Preganglioinc fibres are lightly myelinated or unmyelinated, whereas all postganglionic fibres are unmyelinated 

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11

Which NTs are used by sympathetic and parasympathetic nerves?

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12

What are non-classical transmitters?

Give some examples?

NTs that are not Ach or NA

aka 'non-adrenergic, non-cholinergic'

eg. NO, ATP, NPY

13

What is co-transmission?

More than one NT can be released at one time

14

How does the ANS differ from the CNS in terms of the primary transmitters?

ANS: Ach and NA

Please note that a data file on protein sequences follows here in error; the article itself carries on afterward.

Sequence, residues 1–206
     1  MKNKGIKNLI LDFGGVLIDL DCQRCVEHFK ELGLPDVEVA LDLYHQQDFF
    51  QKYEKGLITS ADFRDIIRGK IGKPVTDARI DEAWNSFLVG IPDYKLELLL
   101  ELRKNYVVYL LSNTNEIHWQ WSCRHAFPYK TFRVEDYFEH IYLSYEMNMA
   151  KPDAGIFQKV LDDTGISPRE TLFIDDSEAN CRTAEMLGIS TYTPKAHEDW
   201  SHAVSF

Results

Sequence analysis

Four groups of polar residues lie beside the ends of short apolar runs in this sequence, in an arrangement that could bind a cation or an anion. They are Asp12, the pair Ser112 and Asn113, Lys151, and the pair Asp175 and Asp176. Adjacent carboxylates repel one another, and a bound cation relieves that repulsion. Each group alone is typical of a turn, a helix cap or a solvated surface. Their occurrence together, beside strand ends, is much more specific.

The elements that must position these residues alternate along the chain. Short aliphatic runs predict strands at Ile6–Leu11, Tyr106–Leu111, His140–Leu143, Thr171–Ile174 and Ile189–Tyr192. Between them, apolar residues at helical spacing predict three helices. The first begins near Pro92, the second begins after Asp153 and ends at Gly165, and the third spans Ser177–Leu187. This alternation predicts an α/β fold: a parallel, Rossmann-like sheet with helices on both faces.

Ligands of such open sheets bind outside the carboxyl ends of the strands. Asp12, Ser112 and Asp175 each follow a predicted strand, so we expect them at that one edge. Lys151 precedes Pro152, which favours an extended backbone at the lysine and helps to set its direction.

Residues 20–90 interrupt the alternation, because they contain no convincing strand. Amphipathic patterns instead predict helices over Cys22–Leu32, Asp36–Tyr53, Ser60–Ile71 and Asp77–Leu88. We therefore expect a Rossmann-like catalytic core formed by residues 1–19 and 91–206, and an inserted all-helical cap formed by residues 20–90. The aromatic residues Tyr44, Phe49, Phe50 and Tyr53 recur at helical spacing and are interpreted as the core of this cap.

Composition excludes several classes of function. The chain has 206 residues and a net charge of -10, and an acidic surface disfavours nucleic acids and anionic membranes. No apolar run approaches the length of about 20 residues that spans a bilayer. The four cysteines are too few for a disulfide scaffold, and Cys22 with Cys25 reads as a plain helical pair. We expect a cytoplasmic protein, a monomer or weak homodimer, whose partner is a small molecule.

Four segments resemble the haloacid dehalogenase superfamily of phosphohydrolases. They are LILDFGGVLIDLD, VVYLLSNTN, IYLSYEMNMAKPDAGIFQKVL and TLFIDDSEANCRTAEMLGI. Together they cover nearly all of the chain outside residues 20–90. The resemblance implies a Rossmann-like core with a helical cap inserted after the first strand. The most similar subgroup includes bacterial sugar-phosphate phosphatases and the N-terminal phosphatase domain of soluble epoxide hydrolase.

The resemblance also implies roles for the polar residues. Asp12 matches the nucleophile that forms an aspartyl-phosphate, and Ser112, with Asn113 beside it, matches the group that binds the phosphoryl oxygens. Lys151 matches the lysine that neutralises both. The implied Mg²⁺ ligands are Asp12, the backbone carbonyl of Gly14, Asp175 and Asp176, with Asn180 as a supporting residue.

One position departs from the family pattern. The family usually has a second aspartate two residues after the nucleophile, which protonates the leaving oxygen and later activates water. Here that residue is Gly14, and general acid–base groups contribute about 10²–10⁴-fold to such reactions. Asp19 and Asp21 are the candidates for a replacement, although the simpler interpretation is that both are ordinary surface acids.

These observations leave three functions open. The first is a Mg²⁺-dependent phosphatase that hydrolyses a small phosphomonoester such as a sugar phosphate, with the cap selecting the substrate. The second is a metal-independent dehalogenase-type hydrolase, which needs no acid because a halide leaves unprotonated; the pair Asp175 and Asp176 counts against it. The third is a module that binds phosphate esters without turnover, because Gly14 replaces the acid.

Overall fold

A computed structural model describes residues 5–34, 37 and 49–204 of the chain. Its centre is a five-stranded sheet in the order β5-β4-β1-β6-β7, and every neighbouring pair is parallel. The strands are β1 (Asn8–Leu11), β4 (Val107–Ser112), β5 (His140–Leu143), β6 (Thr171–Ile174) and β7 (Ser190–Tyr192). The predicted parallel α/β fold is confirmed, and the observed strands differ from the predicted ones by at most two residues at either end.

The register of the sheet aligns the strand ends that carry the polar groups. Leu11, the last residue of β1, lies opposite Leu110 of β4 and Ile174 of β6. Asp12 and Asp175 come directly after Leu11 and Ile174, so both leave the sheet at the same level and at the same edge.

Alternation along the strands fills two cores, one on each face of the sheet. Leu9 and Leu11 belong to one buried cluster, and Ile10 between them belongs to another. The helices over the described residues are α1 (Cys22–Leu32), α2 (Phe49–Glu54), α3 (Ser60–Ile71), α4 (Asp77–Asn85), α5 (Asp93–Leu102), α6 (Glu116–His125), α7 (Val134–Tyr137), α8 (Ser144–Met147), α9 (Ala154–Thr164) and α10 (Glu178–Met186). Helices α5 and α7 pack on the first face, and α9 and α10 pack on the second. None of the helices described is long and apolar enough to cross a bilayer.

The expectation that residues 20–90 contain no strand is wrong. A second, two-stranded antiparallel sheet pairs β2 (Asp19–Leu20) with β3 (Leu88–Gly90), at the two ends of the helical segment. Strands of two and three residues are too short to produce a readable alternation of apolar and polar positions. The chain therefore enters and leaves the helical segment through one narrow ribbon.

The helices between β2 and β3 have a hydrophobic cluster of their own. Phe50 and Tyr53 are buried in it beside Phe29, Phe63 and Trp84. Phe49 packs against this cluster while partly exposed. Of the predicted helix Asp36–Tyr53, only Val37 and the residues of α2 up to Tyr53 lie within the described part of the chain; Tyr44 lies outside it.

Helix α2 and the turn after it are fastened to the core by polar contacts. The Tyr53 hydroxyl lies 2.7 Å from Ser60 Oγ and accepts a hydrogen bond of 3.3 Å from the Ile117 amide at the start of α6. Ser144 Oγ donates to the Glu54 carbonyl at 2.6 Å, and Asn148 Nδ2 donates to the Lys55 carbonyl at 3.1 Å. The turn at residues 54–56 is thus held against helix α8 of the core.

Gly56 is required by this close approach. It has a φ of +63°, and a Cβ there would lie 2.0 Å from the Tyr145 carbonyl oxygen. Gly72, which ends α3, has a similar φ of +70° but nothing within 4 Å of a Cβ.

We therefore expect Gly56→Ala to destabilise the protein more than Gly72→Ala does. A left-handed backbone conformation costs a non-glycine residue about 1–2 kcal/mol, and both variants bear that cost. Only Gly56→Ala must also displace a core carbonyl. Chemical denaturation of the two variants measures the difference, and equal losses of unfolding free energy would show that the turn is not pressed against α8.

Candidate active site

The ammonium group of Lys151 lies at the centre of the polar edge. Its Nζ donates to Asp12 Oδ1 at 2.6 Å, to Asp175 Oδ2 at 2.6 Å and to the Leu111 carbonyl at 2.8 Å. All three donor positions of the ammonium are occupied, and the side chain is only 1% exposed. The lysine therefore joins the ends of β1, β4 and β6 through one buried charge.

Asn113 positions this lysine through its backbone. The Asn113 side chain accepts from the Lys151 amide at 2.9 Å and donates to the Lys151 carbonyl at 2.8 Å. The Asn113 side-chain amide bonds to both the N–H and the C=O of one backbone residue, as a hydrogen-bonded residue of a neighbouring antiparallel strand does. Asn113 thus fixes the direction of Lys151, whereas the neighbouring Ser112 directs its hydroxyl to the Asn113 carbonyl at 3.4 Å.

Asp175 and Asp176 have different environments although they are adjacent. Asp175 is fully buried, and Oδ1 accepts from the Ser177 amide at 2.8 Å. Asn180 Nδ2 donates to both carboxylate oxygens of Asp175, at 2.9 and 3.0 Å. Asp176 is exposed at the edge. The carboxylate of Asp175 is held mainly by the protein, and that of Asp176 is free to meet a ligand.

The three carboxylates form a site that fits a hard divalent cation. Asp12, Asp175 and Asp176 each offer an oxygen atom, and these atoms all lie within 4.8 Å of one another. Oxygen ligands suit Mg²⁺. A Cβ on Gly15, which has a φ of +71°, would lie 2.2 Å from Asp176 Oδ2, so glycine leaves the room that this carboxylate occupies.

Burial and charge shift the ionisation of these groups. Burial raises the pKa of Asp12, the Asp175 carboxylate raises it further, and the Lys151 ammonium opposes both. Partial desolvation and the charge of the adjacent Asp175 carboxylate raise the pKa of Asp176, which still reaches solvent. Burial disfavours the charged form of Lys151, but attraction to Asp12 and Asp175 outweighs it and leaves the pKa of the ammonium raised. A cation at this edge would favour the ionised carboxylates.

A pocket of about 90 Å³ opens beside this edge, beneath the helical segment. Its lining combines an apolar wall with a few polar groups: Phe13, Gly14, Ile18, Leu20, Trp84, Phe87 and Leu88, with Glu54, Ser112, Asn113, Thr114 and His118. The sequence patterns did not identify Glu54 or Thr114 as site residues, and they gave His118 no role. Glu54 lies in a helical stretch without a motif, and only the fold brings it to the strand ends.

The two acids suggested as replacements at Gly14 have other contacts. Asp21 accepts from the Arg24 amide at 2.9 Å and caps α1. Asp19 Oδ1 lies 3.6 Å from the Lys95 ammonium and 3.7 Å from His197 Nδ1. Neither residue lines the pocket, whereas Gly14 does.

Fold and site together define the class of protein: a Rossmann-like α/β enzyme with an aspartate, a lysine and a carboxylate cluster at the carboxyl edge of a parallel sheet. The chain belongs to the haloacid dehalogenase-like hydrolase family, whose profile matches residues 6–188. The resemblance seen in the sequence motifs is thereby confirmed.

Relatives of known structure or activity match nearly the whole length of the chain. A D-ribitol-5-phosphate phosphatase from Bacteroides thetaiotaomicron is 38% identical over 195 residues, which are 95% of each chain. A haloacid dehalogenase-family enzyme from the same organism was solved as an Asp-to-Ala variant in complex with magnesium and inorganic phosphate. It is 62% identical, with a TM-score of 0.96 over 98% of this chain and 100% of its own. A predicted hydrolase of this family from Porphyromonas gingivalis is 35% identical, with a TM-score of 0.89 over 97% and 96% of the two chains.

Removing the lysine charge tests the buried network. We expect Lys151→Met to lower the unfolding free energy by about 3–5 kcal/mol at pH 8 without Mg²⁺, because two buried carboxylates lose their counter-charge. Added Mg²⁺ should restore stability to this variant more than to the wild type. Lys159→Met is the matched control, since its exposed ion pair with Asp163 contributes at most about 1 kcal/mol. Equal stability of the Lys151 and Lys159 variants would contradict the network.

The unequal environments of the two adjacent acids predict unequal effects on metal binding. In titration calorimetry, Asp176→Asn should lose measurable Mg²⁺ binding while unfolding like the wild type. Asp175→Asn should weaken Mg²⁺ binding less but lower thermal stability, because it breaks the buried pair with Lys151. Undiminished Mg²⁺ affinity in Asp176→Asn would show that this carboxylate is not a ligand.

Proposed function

CNS: glutamate and GABA

15

Describe the junctions of ANS nerves and their target organs?

No easily visible junction

More than one transmitter release site per axon

Extra-junctional receptors present 

16

Where are sympathetic preganglionic neurons found?

Interomediolateral cell column of spinal cord

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17

Where are sympathetic postganglionic neurons located?

Two locations and functional classes: 

Paravertebral

Prevertebral

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18

What is the function of sympathetic ganglia?

Essential for integration and coordination of sympathetic control between organs/tissues

19

What are the functions of paravertebral and prevertebral sympatheitc ganglia?

Paravertebral: primary source of vasoconstrictor neurons

Prevertebral: primary source of neurons innervating non-vascular smooth muscle 

20

Describe the concept of convergence and divergence of sympathetic postganglionic neurons?

Convergence: particularly prevertebral ganglion neurons integrate signals from multiple inputs